CHICAGO — Traditionally, brain tumors are identified and diagnosed under the microscope. Sometimes a small sample or subtle differences can make the identification of the exact type of cancer tricky. But now, for the first time, doctors are profiling tumors by using their DNA fingerprints.
When he was just five weeks old, Steve Stewart became easily irritable and started vomiting.
“Three weeks after him being home, actually, my wife delivering him, his head just started to swell,” said the baby’s father, Steve Stewart Sr.
The cause of that swelling turned out to be a congenital brain tumor. It measured 9.7 centimeters in length.
“If we look at the MRI images, it literally took up half to more than half of his skull,” said Dr. Angela Waanders, head of pediatric neuro-oncology at Lurie Children's Hospital.
Waanders is the executive board co-chair for the Children's Brain Tumor Network - an international research consortium.
Waanders says congenital brain tumors, like Steve’s, can be challenging for surgeons. The tumors bleed and can damage an infant’s early brain development.
“So, even doing a biopsy puts a patient at risk,” she said.
For pathologists, that meant very little tissue could be harvested from the tumor to identify it.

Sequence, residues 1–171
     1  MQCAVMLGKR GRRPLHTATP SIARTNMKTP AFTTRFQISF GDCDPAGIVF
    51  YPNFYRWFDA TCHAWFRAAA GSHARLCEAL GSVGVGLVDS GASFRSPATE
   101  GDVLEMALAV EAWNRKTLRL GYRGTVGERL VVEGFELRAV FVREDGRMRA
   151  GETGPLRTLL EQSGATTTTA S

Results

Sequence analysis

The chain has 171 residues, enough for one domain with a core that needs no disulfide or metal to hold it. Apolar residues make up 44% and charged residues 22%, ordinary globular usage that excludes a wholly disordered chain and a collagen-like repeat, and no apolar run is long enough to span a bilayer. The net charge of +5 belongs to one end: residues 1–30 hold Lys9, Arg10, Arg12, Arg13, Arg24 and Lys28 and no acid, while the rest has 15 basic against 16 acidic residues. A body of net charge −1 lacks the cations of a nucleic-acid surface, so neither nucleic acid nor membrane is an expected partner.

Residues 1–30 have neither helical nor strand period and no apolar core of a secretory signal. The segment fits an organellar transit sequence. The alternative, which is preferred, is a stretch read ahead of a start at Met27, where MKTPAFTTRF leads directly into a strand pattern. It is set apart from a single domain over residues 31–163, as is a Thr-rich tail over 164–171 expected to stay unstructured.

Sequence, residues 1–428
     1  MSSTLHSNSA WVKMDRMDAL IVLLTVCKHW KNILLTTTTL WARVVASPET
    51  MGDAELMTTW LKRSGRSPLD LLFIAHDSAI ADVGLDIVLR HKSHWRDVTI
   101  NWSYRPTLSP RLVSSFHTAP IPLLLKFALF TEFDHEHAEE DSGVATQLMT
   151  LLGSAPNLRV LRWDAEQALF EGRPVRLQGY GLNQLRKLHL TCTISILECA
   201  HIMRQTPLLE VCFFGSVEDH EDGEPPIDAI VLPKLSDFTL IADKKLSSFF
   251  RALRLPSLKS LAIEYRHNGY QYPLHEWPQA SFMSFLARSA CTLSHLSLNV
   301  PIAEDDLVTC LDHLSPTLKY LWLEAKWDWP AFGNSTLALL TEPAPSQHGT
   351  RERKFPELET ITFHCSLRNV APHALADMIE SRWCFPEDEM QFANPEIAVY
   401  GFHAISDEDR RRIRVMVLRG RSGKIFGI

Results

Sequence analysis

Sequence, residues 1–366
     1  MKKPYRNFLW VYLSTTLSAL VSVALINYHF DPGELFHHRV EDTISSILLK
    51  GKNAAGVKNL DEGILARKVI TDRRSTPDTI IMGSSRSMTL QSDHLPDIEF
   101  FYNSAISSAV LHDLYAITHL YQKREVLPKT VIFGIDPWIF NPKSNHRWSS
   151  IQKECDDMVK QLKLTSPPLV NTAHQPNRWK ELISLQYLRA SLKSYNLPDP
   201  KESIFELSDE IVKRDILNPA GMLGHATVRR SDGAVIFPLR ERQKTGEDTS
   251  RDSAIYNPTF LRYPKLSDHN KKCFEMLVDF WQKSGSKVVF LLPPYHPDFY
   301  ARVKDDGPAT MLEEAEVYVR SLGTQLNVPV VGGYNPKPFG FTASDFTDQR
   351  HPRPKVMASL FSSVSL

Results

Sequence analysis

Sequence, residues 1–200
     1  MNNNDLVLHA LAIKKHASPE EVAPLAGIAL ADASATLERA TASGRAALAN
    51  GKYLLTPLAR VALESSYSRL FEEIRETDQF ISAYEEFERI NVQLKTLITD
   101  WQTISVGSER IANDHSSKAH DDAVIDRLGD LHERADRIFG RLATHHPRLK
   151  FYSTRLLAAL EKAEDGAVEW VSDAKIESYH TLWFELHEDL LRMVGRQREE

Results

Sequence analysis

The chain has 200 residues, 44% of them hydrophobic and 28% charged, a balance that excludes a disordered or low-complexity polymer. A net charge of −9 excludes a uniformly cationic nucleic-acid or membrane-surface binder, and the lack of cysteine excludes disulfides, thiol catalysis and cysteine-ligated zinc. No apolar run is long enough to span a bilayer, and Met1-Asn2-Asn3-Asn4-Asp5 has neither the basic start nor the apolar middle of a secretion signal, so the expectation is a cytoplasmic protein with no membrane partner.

“In this case, it was an endoscopic biopsy. So, we're talking about millimeters of tissue,” said Dr. Nitin Wadhwani, director of neuropathology at Lurie Children’s Hospital.
Knowing exactly what kind of tumor they’re dealing with he says is important for setting up a treatment plan.
“In this scenario we knew a limited panel, immuno-stains would give us some guidance, but we needed something else,” said Wadhwani.
That something else was a process called DNA methylation profiling.
“Each individual spot in the DNA is either methylated or it's not. So, it's binary. It's either a one or a zero,” said Dr. Craig Horbinski, director of neuropathology at Northwestern University Feinberg School of Medicine.
“All of a sudden, a pattern emerges that reveals the identity of that tissue. It's very much like a fingerprint,” said Horbinski.
Horbinski’s team is among the first in the nation to use the technology for diagnostic testing of tumors. The inexpensive technique, he says, could adjust a brain tumor diagnosis 25% to 33% of the time, even with the smallest sample.
“All we need is about one nanogram of DNA, which is one-billionth of a gram of DNA. We can get that easily from a tissue the size of the head of a pin. So, it's extraordinarily small,” said Horbinski.
It also helps understand the origin of rare tumors and even predicts how effective specific therapies may be.
Using artificial intelligence, they’ve already discovered new types of tumor entities that they didn’t even know existed.
“That's the beauty of the artificial intelligence aspect of this is the more cases we have, the better the classification system becomes,” said Horbinksi.
For five-month-old Steve Stewart, the DNA fingerprint of his specific type of brain carcinoma helped doctors target their treatment.
“We got the results back rapidly. And that is a game-changer in terms of clinical diagnostics for difficult to diagnose brain tumors,” said Waanders.
It’s a game-changer that could give the even smallest patients a better chance of survival.